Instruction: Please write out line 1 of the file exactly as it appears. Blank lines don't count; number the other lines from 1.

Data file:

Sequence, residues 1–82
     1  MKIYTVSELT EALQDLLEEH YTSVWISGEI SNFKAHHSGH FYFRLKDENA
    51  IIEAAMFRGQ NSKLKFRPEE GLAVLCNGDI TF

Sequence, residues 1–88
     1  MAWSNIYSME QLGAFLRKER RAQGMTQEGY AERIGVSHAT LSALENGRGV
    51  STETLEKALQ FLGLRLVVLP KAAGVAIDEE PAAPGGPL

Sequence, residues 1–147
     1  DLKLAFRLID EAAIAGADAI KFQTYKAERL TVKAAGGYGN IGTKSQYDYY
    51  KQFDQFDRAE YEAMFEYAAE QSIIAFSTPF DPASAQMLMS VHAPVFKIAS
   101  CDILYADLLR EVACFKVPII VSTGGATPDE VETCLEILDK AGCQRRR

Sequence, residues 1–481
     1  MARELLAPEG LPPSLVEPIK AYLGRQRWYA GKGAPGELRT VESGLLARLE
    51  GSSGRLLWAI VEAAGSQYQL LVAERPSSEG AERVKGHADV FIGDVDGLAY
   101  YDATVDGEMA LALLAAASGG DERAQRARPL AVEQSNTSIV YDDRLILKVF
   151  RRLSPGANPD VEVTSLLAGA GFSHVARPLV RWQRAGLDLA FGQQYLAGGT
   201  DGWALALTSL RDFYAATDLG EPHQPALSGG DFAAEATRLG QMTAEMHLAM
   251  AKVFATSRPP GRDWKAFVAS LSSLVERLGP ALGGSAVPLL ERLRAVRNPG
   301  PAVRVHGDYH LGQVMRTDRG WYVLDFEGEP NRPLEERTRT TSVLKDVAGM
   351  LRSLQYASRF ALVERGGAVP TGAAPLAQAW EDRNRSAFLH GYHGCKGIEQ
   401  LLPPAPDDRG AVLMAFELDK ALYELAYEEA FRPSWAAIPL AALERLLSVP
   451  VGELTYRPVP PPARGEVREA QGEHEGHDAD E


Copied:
Sequence, residues 1–82